Emerging roles of lipid metabolism in cancer progression

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Abstract

Purpose of review

Lipid metabolism in cancer cells and tumor-associated stromal cells was recently identified to contribute to disease progression particularly in response to changes in tumor microenvironment such as acidosis and hypoxia.

Recent findings

New molecular mechanisms driving lipid metabolism in various cancers were elicited through genetic silencing, pharmacological inhibition of key metabolic enzymes, including those involved in fatty acid oxidation and synthesis, and modulation of diet composition.

Summary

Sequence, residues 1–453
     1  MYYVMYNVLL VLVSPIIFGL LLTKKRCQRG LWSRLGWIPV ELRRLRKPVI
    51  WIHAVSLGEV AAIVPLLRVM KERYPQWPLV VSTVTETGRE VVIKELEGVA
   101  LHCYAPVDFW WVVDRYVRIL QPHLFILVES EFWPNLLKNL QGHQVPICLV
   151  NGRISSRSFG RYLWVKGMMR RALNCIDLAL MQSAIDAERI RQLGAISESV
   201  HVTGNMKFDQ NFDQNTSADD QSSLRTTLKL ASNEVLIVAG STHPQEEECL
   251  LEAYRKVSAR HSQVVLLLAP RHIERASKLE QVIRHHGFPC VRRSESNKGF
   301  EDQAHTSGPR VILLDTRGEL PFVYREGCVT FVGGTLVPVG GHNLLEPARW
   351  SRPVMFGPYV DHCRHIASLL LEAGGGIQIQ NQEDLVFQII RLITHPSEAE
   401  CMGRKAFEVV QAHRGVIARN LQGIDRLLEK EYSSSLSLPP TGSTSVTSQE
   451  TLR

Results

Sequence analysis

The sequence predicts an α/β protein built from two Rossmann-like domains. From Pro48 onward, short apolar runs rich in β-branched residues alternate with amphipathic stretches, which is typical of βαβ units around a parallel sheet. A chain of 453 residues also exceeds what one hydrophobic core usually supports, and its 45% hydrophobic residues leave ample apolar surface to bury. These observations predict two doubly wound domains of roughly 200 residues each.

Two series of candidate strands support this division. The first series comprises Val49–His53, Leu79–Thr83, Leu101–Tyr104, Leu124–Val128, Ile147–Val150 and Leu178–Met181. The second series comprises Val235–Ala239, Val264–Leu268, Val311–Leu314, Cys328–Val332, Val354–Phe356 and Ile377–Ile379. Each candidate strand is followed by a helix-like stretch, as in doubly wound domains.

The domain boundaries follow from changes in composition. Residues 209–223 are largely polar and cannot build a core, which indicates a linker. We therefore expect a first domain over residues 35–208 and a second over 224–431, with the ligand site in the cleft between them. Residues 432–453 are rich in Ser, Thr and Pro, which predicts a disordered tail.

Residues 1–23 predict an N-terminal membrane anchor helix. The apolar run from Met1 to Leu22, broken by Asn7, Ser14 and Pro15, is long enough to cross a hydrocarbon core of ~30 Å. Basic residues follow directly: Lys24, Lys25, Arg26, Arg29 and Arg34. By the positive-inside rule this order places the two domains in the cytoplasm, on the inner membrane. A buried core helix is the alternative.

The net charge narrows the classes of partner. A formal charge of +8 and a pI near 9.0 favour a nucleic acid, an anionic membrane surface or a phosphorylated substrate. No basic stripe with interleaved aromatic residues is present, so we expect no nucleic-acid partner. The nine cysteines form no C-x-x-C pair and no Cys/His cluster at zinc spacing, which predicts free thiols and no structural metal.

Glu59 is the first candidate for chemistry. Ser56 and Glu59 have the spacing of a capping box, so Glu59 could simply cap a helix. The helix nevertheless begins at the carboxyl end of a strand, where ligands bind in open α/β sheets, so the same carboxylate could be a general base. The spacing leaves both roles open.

To proliferate, metastasize, or resist stress conditions imposed by the microenvironment, many cancer cells rely on fatty acid β-oxidation to generate acetyl-CoA and fuel the TCA cycle, and on fatty acid synthesis to produce building blocks. These processes are fine-tuned through regulation of acetyl-CoA carboxylases expression and activity. Stromal cells including lymphocytes, (lymphatic) endothelial cells and adipocytes also participate through either fatty acid transfer or lipid-based signaling to cancer disease progression. Altogether, these data identify critical nodes in the orchestration of lipid metabolism in cancer that may facilitate the design of synthetic-lethal treatments.

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